[Update - I have added a new line at the end of the second paragraph] [Second Update - A new final sentence]
Further to Jack's post below, I have a pair of observations about Dafna's important story on the internal administration debate over whether and how to use a signing statement in response to Congress's ill-advised use of its spending power to hamstring the President in relation to GTMO detainees.
First, note that the story refers to a possible constitutional objection on grounds of interference with prosecutorial discretion, and perhaps also one relating to the power to conduct foreign affairs. But there is no indication in the story that there is any internal debate over also citing the President's authority as Commander in Chief, though we are speaking of the laws governing the movements of military detainees. That particular Article II argument, it would seem, remains taboo for signing statement purposes (it also was not advanced, so far as I know, in statements or letters to Congress objecting to these same provisions when the bill was under consideration). Indeed, the article notes that there is internal doubt about making even the foreign affairs power argument. Like Jack, I would expect any taboo associated with defending Article II-based positions on national security, military, and foreign affairs powers to continue to give way as the new GOP-controlled House begins to flex its muscles (can't help linking to this...). [Update: Charlie Savage's article in the Times indicates that a commander-in-chief/wartime powers objection is part of the current debate after all.]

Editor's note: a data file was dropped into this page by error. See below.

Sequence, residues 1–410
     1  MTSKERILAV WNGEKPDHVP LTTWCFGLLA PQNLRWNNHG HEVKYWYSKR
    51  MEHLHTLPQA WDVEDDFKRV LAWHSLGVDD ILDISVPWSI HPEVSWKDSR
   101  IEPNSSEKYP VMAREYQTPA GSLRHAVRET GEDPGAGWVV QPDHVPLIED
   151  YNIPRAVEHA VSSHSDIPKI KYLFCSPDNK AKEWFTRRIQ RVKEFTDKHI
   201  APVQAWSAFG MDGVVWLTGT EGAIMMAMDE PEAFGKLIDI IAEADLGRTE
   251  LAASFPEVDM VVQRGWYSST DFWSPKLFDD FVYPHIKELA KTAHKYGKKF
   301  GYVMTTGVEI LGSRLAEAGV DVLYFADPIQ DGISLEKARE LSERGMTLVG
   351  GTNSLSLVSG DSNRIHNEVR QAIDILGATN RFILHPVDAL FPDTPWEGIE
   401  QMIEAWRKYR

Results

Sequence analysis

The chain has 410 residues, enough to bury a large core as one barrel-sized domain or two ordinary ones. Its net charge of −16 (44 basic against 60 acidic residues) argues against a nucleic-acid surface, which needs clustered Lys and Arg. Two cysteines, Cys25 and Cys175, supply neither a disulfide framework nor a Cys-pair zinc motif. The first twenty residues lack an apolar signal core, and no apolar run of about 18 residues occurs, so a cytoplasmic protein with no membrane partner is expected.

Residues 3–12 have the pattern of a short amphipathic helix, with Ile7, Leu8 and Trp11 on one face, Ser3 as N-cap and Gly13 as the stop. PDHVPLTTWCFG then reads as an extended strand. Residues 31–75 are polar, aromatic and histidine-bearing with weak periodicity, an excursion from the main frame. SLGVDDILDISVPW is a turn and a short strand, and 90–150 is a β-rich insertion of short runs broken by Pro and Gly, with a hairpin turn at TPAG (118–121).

Second, and perhaps relatedly, note that the story also describes the interagency meetings concerning a possible signing statement, meetings that apparently involved a "small circle of policymakers and lawyers from the White House, the Justice Department and State Department" who "spent the closing hours of 2010 considering drafts for a statement." What is interesting about that is the apparent absence of the Defense Department. Of course, not being involved in drafting would not necessarily mean that DOD has no or little voice in the matter, but it certainly would not suggest DOD has much of a role either. One might respond that this is really a question for DOJ and the White House Counsel's office of course, but in that case why is State there? State has clear equities, of course, so I think it makes perfect sense to include it. But DOD's equities seem at least as substantial (yes, the IC has equities here as well, but the DOD omission is what strikes me as remarkable - if there really is an omission). [Second update: I want to be clear that my suggestion that DOD may be excluded to some extent from this process is pretty speculative, and that it remains quite possible that DOD has had ample opportunity to weigh in on these issues.]